Make a pledge to get a coffee, apple juice, or something stronger with an old acquaintance that you defriended on social media during the election campaign, a family member you just couldn't stand speaking to, or a neighbor that drove you crazy with the sign on their lawn. Then share your #FrenemiesDay stories via social media!
Many thanks to everyone that participated in and supported ‘Frenemies Day’, and in particular our drop-in at Virginia Tech yesterday!
We had a great turnout and some neat conversations. The election results were, unsurprisingly, on many participants’ minds. However, other topics were also discussed, ranging from genetically modified organisms to the Deferred Action for Childhood Arrivals (DACA) immigration policy. People disagreed, but remained civil. More to come on the takeaways.
Of course, the hope is that we can become better frenemies every day. The resources on this site will be expanded and I anticipate that we will do more events like this in the future. We will also continue to do more structured workshops through the larger Frenemies Project.
Frenemies Day also received significant media attention, including:
Grateful that the News Office has been so helpful in promoting a Frenemies Day drop-in here at VT: http://vtnews.vt.edu/notices/frenemiesday.html
The details are:
Is there a friend or colleague you’ve had a hard time talking to this election season? Looking to detox and restore relationships when the voting is over? You are invited to bring a friend or acquaintance that you fundamentally disagree with on one or more issues, but want or need to get along with, to the here on campus.
Who: All VT affiliates (students, staff, faculty) 18 or over are welcome. Just bring a frenemy (also 18+) with you
What: Engage in a civil yet probing conversation around the issues that matter to you and your counterpart. Rough ground rules and guidelines around what constitutes ‘civil discourse’ will be provided
What2: Light snacks and refreshments will be provided When: Wednesday, November 9th from 10:30 am to 4 pm (drop in anytime!)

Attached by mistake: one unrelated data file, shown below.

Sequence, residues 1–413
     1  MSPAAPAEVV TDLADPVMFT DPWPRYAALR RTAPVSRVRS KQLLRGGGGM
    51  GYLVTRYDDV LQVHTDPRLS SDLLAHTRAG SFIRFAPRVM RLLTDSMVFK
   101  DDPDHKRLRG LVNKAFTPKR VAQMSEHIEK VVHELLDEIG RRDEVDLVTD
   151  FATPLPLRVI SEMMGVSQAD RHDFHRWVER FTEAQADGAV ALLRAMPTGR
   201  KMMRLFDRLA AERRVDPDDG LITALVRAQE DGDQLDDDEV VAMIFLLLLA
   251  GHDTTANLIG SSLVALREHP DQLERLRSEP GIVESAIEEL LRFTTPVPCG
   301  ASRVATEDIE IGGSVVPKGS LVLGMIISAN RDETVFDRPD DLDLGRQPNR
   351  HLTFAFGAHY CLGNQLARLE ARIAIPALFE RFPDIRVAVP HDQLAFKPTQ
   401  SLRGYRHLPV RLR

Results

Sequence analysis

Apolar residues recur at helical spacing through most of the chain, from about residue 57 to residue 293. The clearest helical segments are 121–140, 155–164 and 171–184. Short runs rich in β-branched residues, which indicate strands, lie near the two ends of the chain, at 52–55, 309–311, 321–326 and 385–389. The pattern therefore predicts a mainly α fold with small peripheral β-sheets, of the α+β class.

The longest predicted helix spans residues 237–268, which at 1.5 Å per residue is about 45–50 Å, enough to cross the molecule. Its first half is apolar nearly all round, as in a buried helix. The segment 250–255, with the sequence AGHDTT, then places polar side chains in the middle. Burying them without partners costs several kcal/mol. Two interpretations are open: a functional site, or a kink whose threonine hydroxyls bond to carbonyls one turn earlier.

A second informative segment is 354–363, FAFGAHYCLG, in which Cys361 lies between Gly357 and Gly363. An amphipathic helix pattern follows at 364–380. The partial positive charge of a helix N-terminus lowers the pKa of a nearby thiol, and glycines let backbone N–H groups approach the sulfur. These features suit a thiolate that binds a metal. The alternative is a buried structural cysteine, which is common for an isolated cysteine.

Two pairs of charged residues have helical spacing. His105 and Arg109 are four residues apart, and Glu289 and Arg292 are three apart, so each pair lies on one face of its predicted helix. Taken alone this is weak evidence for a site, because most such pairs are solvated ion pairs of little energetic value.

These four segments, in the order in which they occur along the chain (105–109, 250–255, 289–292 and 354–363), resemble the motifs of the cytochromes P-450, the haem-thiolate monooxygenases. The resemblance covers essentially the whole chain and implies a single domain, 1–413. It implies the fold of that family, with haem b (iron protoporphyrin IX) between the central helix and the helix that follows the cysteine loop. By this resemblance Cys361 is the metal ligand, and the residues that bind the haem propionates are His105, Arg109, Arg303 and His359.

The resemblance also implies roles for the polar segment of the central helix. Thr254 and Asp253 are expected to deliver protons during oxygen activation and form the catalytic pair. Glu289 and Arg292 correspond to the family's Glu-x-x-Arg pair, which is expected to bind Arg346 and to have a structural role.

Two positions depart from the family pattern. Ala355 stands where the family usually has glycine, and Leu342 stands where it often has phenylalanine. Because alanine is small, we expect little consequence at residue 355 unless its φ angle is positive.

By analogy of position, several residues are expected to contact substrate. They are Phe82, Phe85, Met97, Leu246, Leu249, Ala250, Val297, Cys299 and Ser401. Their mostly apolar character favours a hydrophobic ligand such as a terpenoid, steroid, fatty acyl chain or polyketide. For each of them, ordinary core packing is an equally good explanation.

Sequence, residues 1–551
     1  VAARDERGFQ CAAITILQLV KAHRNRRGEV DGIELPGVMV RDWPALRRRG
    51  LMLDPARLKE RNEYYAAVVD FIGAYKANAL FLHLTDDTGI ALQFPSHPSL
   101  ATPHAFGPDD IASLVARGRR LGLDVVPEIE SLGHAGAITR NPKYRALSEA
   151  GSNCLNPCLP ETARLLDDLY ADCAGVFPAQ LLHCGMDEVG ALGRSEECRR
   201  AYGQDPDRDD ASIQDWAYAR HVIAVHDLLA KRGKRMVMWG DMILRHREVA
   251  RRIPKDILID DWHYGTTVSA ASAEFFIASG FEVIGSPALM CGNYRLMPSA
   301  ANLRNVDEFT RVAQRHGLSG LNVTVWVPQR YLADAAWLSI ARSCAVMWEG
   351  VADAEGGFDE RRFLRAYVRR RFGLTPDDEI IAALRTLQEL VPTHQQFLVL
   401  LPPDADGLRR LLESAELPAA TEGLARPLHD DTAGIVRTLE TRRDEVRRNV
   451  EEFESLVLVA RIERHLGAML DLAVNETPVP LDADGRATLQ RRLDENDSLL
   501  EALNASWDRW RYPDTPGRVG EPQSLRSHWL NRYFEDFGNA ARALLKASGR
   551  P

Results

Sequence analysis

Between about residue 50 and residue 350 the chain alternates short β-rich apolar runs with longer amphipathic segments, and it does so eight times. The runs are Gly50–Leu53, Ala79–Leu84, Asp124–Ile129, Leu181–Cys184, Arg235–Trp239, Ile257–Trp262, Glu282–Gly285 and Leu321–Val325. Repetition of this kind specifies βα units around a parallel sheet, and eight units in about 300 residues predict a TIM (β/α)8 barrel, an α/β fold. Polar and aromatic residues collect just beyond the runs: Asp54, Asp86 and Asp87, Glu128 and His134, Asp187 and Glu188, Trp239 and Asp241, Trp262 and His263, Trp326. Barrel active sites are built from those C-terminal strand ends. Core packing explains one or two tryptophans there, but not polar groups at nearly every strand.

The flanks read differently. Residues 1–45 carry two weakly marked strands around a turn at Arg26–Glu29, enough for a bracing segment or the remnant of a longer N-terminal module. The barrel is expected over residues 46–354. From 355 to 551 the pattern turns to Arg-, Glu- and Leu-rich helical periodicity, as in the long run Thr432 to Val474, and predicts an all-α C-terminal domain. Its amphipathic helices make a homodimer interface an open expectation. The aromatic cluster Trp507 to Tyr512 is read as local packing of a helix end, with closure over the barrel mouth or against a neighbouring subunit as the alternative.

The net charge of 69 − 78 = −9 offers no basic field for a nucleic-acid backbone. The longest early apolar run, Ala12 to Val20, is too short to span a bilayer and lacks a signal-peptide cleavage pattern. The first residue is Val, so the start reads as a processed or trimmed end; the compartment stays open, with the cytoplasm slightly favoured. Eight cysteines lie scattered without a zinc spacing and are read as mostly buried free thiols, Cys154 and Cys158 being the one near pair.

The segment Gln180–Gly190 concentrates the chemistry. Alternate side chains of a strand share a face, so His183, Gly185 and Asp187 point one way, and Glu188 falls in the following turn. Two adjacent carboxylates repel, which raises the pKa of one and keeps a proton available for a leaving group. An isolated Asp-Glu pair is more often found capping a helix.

Where: Room G in the Graduate Life Center Why: Because it behooves us to get along with and better understand those we fundamentally disagree with An additional purpose of this event is to support a research study. Collected data may be used in academic publications. Researchers and the media may be present observing
Why: Because it behooves us to get along with and better understand those we fundamentally disagree with.
NOTE: An additional purpose of this event is to support a research study. Collected data may be used in academic publications. Researchers and the media may be present observing conversations, and photographing and video recording. Participants will also be invited to complete a (voluntary) survey for research purposes once they have completed their frenemies conversation. If you would like more information, please contact the principal investigator, Todd Schenk, Assistant Professor in the School of Public and International Affairs, at firstname.lastname@example.org. Should you have any questions or concerns about the study’s conduct or your rights as a research subject, or need to report a research-related injury or event, you may contact the VT IRB Chair, Dr. David M. Moore at email@example.com.
From the debate stage to the water cooler, the vitriol and animosity this election season seem to have reached new heights. Healthy and vigorous debate is important to democracy, our differences should be celebrated, and there are times when more adversarial avenues of dispute resolution (like the courts and ballot box) are most appropriate. However, there are many times when we can do better by getting along, despite our differing and strongly held opinions and beliefs. This is true in our personal and professional lives, and the public arena.
Seven interviews in one week on the Frenemies Project, and widespread media coverage on the cleavages widening in workplaces, on social media, and elsewhere, underscored for me that relationships are being frayed and people are not happy about it.
In response, this is a call for November 9th – the day after election day – to be National Frenemies Day. Think of it as an opportunity to detox and (re)discover each other’s humanity. A call to increase empathy and mutual understanding. This is not a call to avoid the issues that matter to us, but rather to respectfully discuss them with someone that we consider(ed) a friend, a family member, or a colleague that we like and/or have to work with, but that we know holds fundamentally opinions than we do.
#FrenemiesDay is an extension of the Frenemies Project at Virginia Tech. While in its early stages, the initiative has garnered substantial media attention – it seems to reflect the zeitgeist of the time. While entertaining, many of us are looking for ways to stop the mudslinging and increase the empathy, understanding, and decorum of our discourse.
The Frenemies Project features organized workshops that bring people with fundamentally different opinions on important policy questions together for facilitated discussions. Among other techniques, the workshops include ‘role-play simulation exercises’ or ‘serious games’. However, we do not need workshops to be good frenemies. Here is some advice on how to get started.
Here is some of the media coverage the project has received: